Two retired British soldiers face murder charges for the 1972 killing of an IRA man
Two former British soldiers are to be charged with the murder of an IRA member in Northern Ireland over 40 years ago.
Official IRA commander, Joe McCann, aged 25, was shot dead in disputed circumstances in Joy Street, in Belfast’s Markets area, on April 15, 1972.
Notoriously linked to several killings and gun attacks, he was unarmed at the time of the killing by the British Paratroopers, who later said they had expected him to be carrying a gun.
The controversial decision followed years of investigations and protests from nationalists about the circumstances of the killing. It will cause consternation among some Unionists and elements of the British military and security services.
Two retired Paratroopers known only as Soldier A, now aged 67, and Soldier C, aged 64, are said by prosecutors to have been part of a patrol whose members fired on McCann that day. A third patrol member, Soldier B, has died in the years since the incident.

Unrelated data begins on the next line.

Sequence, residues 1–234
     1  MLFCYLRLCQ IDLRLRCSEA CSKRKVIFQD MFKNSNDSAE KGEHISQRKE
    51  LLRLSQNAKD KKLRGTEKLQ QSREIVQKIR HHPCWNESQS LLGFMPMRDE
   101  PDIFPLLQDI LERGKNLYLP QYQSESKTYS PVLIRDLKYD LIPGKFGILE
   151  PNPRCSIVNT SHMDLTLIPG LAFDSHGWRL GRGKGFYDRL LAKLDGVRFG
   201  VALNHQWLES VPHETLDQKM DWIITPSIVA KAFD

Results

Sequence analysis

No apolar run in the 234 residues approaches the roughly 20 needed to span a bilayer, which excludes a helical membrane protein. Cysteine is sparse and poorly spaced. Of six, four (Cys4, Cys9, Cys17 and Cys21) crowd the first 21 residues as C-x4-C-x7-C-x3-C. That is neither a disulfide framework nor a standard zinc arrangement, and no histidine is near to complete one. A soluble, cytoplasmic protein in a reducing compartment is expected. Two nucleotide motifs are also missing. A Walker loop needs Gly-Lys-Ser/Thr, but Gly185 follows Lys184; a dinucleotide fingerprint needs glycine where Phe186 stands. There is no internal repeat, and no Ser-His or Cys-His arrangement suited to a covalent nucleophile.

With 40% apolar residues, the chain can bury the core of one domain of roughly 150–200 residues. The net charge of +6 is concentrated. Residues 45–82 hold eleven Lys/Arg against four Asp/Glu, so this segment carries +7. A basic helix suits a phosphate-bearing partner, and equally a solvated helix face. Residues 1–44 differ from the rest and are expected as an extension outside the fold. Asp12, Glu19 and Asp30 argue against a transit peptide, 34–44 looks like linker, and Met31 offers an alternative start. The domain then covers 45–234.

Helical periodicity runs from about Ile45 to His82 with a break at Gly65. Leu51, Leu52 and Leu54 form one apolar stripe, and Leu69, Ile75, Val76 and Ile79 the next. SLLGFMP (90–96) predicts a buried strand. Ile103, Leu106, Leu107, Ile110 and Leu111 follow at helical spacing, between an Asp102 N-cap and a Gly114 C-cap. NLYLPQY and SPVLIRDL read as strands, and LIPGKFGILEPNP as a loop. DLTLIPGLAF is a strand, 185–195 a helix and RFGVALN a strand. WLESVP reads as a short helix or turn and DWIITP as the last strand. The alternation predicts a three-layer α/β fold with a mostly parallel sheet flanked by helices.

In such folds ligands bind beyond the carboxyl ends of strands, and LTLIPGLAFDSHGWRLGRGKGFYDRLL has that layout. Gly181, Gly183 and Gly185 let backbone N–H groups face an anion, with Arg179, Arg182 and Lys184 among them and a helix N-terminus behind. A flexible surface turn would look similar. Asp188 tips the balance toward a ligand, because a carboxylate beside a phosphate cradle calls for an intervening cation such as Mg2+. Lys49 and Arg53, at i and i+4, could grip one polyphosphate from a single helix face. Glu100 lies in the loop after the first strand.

"Following a careful consideration of all the available evidence it has been decided to prosecute two men for the offence of murder," the Public Prosecutions Service said today.
The case was referred to the North’s Director of Public Prosecutions in Northern Ireland, Barra McGrory, by the Northern Ireland Attorney General, John Larkin QC, in 2014.
The dead man's family had been pressing for several years for a new inquest to be held.
"The decision was reached following an objective and impartial application of the test for prosecution that was conducted in accordance with the code for prosecutors and with the benefit of advice from senior counsel," a Public Prosecution Service official added.
The two former British soldiers are expected to appear in court next year. Joe McCann was among the IRA's best-known activists in the early days of the Troubles.
The old Royal Ulster Constabulary investigated the killing in 1972 and the authorities decided not to prosecute anyone.
The Historical Enquiries Team set up to investigate unresolved killings in the North examined McCann's death in 2012. This is the second military prosecution involving Northern Ireland since the 1990s.
Files on the infamous Bloody Sunday killings in Derry in January 1972 are still with prosecutors for decision.